Crist Says He’ll Likely Veto Gun Trust Fund Raid
Citing his support of Second Amendment rights and the persuasive powers of a Florida gun lobbyist, Gov. Charlie Crist on Tuesday said he would likely veto a legislative move to take money away from a concealed weapons registration program that’s been deluged by new requests.
Lawmakers in May approved a $66.5 billion spending plan that included a $6 million sweep from the Department of Agriculture and Consumer Services Concealed Weapons and Firearms Trust Fund, which uses fees charged to gun owners to register their firearms. The trust fund had about $8 million in it before the "raid."
Speaking to reporters Tuesday, Crist said he would likely restore the money to the trust fund when he signs the budget Wednesday and issues his list of vetoes.
A major driving force behind the veto push is Marion Hammer, former president of the National Rifle Association and seasoned Tallahassee-based lobbyist for gun owner rights. Hammer met with Crist last week, urging him to veto that portion of the budget that takes money from the trust fund and places it into state reserves. Apparently, the chat paid off.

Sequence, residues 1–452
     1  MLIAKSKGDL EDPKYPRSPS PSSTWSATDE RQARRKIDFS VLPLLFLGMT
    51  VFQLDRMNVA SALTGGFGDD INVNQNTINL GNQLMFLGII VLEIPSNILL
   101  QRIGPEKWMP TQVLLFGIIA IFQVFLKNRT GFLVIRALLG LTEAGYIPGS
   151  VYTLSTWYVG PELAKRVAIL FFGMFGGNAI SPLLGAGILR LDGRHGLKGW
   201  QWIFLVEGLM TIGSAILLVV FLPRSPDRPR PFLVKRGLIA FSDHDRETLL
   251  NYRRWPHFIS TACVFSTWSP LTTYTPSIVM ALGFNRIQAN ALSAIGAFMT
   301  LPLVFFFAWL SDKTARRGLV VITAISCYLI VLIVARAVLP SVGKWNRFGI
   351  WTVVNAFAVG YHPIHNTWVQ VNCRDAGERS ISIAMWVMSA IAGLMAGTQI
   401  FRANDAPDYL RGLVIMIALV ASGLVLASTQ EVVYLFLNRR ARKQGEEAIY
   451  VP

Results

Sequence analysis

“She is a tremendous advocate,” Crist said of his meeting the Hammer last week. “I’m inclined to do it.” Crist is expected to sign the budget on Wednesday.
“Hallelujah,” said Hammer, who noted that the trust fund that has been self-supporting for more than 20 years.
In a quest to patch the state budget, lawmakers swept nearly $800 million in trust funds, including the program housed within the Agriculture agency’s division of licensing. Budget makers were using the money to fund a $1.8 billion pool to pay for budget items in the next few years.
The sweep came despite the department’s inability to keep up with a surge of concealed weapons requests.
Prompted by a convergence of factors that have prompted applications to surge, the program is under unprecedented pressure to complete applications quickly as required by law.
The surge seems to be fueled at least in part by a poor economy and the election of Barack Obama, who gun advocates fear will push for gun control legislation. Gun sales are up across the country.
“There doesn’t seem to be any end in the near future to the upswing,” Hammer said. “It is an industry that is doing well.”
The demand for concealed weapons permits, which must be completed within 90 days, is making it more difficult for state officials to timely deal with other firearm applications including the certification of security guards and the reposession of weapons.
In March, the agency received 12,500 requests for new and renewed concealed weapons permits. In April, the figure jumped to 15,000. Two years ago, the agency was processing between 4,000 and 5,000 applications a month.
“We’re running right up against the 90-day window,” said Department of Agriculture spokesman Terry McElroy. “We''ve got some backlog that we need to tackle and it’s affecting other areas.”